You certainly put all your eggs in one basket....all your "evidence" against NOD32 came from a CNET review and CNET user comments. Please.........now tell me you're not an interested party..... :eek:
     
  18. _anvil

    _anvil Registered Member

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    @SKA

    What's up, why're you so aggressive? :eek:
    I didn't mean to offend you: you just made a claim about something without giving any facts or explanation - and I just asked for facts or explanation... so where's the problem?

    Anyway, you now gave me what I asked for: you say, KAV updates more often than its derivates.
    Hm, but is this true in _all_ cases...? :rolleyes:
    - Gdata's AVK (KAV and RAV engine) offers daily KAV updates, too, in its "Premium support" edition (which is expensive, though)
    - F-Secure also has (at least) daily updates, but it's usually not the KAV engine, which is updated so often, but F-Prot engine.

    Test results (av-test.org, virusP, Rokop, Scheinsicherheit...) and my personal experience show, that these two derivates are usually equal or sometimes better in pure detection rate, compared to KAV. :)

    But _if_ one of the derivates performs worse than KAV, then I agree with you: it should be due to slower/missing updates, because otherwise, it wouldn't be really understandable...

    Ok, now back on-topic... ;)
     
  19. Technodrome

    Technodrome Security Expert

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    tsr:

    I didn't know you had some much time to waste... As sakharg says, you contradict yourself...

    As my final thought I'll just add that NOD32 is a thousand miles ahead of QuickHeal or Solo.!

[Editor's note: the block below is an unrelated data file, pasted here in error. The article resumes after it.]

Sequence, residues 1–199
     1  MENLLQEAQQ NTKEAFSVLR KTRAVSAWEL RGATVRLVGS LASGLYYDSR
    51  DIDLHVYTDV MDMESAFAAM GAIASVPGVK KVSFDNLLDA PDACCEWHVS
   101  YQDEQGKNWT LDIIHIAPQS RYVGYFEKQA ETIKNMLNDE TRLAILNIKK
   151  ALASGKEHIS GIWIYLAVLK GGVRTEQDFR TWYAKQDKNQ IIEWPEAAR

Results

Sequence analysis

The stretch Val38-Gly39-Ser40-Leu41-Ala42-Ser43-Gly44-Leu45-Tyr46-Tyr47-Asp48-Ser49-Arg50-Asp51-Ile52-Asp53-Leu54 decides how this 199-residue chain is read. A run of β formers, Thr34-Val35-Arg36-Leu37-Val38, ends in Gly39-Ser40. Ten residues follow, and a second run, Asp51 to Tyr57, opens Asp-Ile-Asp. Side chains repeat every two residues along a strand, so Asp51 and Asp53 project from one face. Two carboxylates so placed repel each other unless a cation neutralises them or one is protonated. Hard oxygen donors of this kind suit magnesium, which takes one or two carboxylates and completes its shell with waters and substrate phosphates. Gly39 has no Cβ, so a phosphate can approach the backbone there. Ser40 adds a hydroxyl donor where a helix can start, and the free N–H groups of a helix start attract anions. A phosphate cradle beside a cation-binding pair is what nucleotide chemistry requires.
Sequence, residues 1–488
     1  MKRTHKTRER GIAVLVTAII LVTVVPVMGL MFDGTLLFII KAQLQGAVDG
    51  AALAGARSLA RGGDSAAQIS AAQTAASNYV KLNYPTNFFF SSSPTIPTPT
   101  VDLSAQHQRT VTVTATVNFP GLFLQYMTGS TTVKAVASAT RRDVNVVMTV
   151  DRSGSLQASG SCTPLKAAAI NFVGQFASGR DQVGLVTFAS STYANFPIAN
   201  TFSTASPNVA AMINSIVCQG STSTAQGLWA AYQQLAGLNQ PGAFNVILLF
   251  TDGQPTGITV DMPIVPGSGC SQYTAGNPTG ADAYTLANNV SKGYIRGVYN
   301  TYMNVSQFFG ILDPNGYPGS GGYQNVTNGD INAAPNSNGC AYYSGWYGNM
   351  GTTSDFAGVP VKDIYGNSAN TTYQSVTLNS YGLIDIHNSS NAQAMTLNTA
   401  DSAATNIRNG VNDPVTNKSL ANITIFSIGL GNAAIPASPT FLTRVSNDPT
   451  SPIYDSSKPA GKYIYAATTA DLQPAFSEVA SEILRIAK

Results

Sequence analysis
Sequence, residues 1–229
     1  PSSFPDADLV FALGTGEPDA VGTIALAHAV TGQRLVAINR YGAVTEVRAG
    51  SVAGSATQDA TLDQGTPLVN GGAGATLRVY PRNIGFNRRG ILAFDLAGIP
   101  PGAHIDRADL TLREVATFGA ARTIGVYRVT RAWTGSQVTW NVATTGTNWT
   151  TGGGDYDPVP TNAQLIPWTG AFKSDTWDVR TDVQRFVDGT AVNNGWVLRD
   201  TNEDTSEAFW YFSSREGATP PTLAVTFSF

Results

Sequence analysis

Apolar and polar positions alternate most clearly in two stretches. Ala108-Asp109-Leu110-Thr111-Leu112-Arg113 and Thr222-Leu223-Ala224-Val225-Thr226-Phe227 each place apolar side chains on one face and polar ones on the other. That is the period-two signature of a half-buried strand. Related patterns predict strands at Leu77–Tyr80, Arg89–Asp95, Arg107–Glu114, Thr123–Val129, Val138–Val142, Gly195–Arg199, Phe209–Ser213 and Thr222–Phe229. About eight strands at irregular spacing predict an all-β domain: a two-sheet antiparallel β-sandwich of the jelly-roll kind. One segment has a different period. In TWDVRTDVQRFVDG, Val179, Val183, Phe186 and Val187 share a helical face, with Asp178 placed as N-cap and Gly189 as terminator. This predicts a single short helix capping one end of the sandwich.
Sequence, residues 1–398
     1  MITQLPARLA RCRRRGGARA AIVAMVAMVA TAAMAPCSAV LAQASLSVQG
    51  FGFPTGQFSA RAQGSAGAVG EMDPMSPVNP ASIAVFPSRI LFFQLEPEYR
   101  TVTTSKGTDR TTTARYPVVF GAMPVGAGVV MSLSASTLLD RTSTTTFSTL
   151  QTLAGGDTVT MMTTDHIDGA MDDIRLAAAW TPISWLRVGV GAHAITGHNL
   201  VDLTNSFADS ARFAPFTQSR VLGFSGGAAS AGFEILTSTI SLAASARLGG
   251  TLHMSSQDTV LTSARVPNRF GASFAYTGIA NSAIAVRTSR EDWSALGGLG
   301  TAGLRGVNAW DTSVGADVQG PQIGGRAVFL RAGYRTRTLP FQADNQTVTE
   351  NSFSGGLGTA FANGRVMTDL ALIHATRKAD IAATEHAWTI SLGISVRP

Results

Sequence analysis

Technodrome
     
  20. Madsen DK

    Madsen DK Registered Member

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  21. Tinribs

    Tinribs Registered Member

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    Well this thread started out OK, but why it had to turn into (yet another) Nod32 bashing I'm not sure, CNets thoughts on any matter are to be taken with a pinch of salt and there will always be users of a product who are incapable of determining its abilities and features.

    Before this thread gets locked I'd like to suggest to tsr that he/she try to read about,learn and audition some software themselves before quoting a third parties responses (and an unreliable one at that), its a better way to learn about a product and it also it may teach you to have an opinion of your own, a very valuable asset.


    :)
    Kev


    ps; heres a quote from one of your posted reviews; "Before you condemn, know what you're talking about"
     
  22. Madsen DK

    Madsen DK Registered Member

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    Well said, Tinribs
    Regards
    Ole
     
  23. Paul Wilders

    Paul Wilders Administrator

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    Gents,

    Agree to disagree with mutual respect. This thread will not be closed - unless mutual respect seems impossible in upcoming posts.

    regards.

    paul
     
  24. OrangeMan

    OrangeMan Guest

    Quick Heal Antivirus shill

    Is your job to shill for Quick Heal by trashing better programs on public forums? You seem to do a lot of that.

    I can think of no other reason why you would post a handful of the 13% negative NOD32 user comments while ignoring the 87% positive NOD32 user comments on the same CNET web site, but anyone who is tempted to believe this your trash should read the web pages starting from http://www.nod32.com.au/nod32/awards/cnet_zdnet.htm to learn the full story.

    I'm an Australian missionary presently living in South America who spent the last 15 months in Myanmar and Thailand. Both of those countries are hotbeds of pirated software and the viruses that accompany it, and consequently a good 75% of all e-mails carry viruses. NOD32 stopped literally hundreds of virus attacks in that time, so I don't think I'll be switchng to Quick Heal.
     
  25. OrangeMan

    OrangeMan Guest

    PS

    The Dalai Lama's Government in Exile is based in Dharamsala, India, and its network is protected by NOD32, not by the local program Quick Heal. :D